In October 2007, a telemarketer calling himself a "precious metals analyst" told Joao Curalov he could double his money in a few months by investing in silver through a company called American Precious Metals LLC. With a dramatic rise in the value of precious metals in the news, Curalov decided it was a golden opportunity, and he poured money in.
See also: Avoid these 10 investment traps.
Today, says the 74-year-old Philadelphian, he's out $558,000 — most of his life savings.
"I invested everything I had, and they stole it," Curalov tells the Bulletin. "When I wanted to sell the silver I purchased a few months later because the price went up, they wouldn't let me. They said I had to invest more money — another $100,000 — or I would lose my investment. That is when I learned the truth."
That truth, according to the Federal Trade Commission, was that American Precious Metals bilked customers, most of them older people, out of more than $37 million starting in 2007.
After an FTC investigation, a federal judge shut down the Florida-based company and appointed a receiver to oversee its affairs, the commission announced Tuesday. The agency also filed suit against the company's owners, the married couple Harry and Andrea Tanner, alleging violation of federal law and the FTC's rules for telemarketing sales.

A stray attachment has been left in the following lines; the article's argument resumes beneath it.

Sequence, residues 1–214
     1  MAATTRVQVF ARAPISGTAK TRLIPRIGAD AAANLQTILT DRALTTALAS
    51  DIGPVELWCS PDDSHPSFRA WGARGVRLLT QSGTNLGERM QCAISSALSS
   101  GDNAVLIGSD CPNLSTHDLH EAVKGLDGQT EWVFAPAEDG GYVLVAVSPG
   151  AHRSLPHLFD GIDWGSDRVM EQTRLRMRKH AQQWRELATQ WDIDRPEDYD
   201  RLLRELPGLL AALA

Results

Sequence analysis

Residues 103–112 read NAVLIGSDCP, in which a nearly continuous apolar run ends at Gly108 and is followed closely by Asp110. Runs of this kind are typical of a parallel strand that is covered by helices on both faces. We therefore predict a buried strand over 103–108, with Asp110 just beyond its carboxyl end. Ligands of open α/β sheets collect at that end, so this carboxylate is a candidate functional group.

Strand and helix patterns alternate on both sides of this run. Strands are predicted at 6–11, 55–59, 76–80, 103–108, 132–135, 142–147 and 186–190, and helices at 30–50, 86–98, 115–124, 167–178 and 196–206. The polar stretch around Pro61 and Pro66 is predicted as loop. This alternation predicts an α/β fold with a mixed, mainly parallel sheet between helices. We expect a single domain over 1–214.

'Massive fraudulent scheme'
Separately, the Commodity Futures Trading Commission brought charges against the company, Harry Tanner and another man, alleging they had engaged in "a massive fraudulent scheme" in connection with the business.
A hearing is scheduled for next week, says FTC attorney Dama J. Brown. "We have sued to immediately stop the company's bad conduct, and will seek the court [to provide restitution] to consumers harmed by its practices."
With gold and silver prices having generally risen in recent years, many retirees have been tempted to invest in these metals, often viewing them as a protection against future inflation. But precious-metal price swings in the short term can be powerful — silver reached almost $50 an ounce in late April, then fell below $40 in a matter of days.
The FTC says the scheme at American Precious Metals went like this: Company telemarketers purchased telephone lists — largely numbers belonging to retirees — to make unsolicited, high-pressure pitches to consumers to invest in precious metals such as gold, silver and platinum.
"Seniors were told these were low-risk investments that could double or triple their money within 90 days," Brown tells the Bulletin.